Sustainability charity WRAP has launched a week-long campaign to address an issue that remains a pressing concern in the foodservice sector and beyond, reports Tina Nielsen
If food waste was a country it would have the world’s third biggest carbon footprint after China and the US. It’s a staggering fact asserted by Waste and Resources Action Programme (WRAP), charity that this week launches its first ever Food Waste Action Week, in an an attempt to increase focus on the impact food waste has on the planet. This adds to WRAP’s successful Guardians of Grub campaign.
Taking place from 1-7 March 2, Food Waste Action Week is intended as a rallying cry for citizens and businesses of the UK to take action. “I’m delighted to be launching the first UK Food Waste Action Week today and to be able to support our partners in the hospitality industry at this difficult time,” said Marcus Gover, CEO of WRAP.
“Together we will inspire real and lasting change. Food Waste Action Week gives organisations a unique opportunity to capture their audiences’ attention as part of a national event and help them to play their part in eliminating food being wasted and tackling climate change. We look forward to working with Compass on this important initiative.”
The initiate is welcomed by a sector reeling from the impact of Covid-19 but all too aware of the challenges posed by waste in the future, “Creating a week in the calendar dedicated to reducing food waste is long overdue. We wholeheartedly support Food Waste Action Week and would urge all foodservice businesses to take this opportunity to tool up with WRAP’s excellent Guardians of Grub resources so they maximise the amount of food they feed people and not bins, while minimising costs and their impact on the planet,” says Juliane Caillouette Noble, managing director, Sustainable Restaurant Association.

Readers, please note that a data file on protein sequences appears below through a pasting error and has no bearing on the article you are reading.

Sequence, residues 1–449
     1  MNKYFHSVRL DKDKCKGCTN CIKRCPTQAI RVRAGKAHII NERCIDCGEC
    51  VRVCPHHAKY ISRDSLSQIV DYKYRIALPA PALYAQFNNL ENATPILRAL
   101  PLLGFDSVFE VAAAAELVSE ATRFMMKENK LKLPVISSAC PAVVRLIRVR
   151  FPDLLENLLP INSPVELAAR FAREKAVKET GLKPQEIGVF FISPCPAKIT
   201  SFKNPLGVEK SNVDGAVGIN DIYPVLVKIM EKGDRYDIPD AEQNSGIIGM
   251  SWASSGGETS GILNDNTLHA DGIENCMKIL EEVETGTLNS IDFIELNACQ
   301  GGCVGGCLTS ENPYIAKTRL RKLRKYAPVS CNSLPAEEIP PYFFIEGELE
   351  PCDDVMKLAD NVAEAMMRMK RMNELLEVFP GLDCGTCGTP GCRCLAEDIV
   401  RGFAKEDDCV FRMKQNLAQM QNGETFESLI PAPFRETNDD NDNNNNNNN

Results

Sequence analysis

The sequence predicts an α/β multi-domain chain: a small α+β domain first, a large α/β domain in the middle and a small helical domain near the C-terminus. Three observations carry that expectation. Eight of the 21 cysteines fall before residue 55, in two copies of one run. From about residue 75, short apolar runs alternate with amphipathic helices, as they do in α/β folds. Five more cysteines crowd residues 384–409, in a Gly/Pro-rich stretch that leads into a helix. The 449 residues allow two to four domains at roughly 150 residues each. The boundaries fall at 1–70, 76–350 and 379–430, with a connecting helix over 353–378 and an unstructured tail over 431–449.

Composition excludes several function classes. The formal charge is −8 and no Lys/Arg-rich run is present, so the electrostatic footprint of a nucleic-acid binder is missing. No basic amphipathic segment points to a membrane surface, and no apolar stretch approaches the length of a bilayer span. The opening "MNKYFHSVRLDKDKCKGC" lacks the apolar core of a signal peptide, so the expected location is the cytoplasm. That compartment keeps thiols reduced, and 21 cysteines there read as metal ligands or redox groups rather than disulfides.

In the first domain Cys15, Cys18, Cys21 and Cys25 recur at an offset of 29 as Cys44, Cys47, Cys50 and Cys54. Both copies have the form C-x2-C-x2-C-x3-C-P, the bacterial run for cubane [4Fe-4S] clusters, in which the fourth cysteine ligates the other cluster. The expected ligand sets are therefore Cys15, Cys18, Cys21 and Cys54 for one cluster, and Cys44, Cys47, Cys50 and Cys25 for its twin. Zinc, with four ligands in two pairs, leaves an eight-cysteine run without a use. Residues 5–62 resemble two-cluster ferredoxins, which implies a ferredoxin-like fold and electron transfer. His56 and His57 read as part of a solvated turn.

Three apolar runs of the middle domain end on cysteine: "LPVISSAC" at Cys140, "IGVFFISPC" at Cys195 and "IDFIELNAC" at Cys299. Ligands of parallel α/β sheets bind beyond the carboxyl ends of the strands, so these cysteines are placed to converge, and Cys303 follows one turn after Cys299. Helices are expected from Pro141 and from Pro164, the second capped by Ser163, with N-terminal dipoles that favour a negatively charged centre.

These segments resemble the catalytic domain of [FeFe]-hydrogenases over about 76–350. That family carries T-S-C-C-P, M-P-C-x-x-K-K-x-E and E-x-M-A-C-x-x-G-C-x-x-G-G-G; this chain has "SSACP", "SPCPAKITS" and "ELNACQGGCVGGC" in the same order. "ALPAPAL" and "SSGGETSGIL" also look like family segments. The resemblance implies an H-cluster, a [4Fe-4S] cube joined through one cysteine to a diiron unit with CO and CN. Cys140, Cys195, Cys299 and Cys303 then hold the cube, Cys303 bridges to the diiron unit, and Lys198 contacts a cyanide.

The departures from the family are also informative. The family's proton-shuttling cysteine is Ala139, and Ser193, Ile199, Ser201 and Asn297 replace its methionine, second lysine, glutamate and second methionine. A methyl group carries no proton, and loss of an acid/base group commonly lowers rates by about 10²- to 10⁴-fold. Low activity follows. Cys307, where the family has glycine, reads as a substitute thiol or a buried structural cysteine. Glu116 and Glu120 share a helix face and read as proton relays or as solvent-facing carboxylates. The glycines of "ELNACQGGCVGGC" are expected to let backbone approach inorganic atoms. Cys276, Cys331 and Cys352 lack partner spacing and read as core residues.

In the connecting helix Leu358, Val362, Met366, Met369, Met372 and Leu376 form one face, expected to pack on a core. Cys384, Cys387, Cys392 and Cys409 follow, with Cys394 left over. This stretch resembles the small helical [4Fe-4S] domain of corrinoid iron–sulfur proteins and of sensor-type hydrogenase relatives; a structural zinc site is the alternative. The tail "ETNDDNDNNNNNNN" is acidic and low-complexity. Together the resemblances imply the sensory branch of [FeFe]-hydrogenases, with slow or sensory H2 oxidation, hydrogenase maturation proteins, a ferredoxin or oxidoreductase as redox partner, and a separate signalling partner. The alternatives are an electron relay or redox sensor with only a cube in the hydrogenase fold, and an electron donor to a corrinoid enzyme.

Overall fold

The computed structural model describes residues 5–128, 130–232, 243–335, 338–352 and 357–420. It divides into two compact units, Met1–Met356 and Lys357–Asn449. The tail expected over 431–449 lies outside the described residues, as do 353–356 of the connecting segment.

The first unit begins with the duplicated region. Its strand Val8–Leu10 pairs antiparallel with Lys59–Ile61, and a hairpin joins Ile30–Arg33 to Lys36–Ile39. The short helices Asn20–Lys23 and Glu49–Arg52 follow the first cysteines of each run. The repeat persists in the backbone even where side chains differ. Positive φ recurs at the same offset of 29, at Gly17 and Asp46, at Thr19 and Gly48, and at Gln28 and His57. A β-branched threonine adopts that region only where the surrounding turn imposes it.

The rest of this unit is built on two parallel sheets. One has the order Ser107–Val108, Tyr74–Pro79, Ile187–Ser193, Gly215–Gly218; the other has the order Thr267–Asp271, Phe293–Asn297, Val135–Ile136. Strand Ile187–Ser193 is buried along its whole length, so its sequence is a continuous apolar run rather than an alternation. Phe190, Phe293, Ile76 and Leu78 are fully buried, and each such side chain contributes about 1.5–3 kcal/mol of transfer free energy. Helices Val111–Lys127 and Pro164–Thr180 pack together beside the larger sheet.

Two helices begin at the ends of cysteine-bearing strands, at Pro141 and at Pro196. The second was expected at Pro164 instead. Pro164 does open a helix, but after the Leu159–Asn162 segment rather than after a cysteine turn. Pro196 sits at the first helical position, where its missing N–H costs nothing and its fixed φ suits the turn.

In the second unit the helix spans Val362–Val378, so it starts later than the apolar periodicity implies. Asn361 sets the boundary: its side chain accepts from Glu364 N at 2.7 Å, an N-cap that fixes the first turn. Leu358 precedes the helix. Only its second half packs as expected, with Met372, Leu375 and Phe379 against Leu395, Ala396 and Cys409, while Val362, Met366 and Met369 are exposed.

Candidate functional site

Protecting the planet – and profits
Education is vital for individual households on how they can help, but much remains for business to contribute to the effort: 30% of man-made global greenhouse gases are created from the production and consumption of food. In the hospitality and foodservice sector, 1.2 million tonnes of food are thrown away every year, and 75% of that could have been eaten. Wasted food costs the industry £3.2bn every year.
As part of the action week, Wrap is hosting an interactive webinar on what foodservice businesses can do to reduce waste and protect profits. A panel including UKHospitality CEO Kate Nicholls and operators and sustainability experts will tackle the issue during the session on Thursday 4 March, 2pm, which is free to join and open for registration.
Industry getting on board
Adam Handling, chef owner of several London restaurant, is a supporter of the campaign. “I’m so excited to be supporting WRAP’s first ever Food Waste Action Week to help spread awareness of our wasted food and how it’s impacting our environment. It’s an issue that has always been close to my heart when running my restaurants, and I’m really looking forward to sharing some of my tips for reducing food waste as part of this campaign, both for inspiring home cooks and for other bar and restaurant owners,” he says.
“As a population, we waste so much food needlessly when all it takes is a bit of creativity to turn ingredients that may have been thought of as waste into delicious meals. That’s why this campaign is so important, so that we can all learn more and play our part in the food waste fight.”
Commercial catering and food services supplier Compass Group already runs its own waste awareness day on 28 April and has partnered with WRAP for this week-long campaign. “As the UK and Ireland’s largest food and support services provider, we have both a responsibility and an opportunity to make a real difference in the fight against food waste and reduce our impact on the planet,” said Celena Fernandez, head of environment, Compass Group UK & Ireland.
“It’s important we support other organisations like WRAP, to help our industry and people at home. We can all make a huge difference by making small changes to reduce food waste.”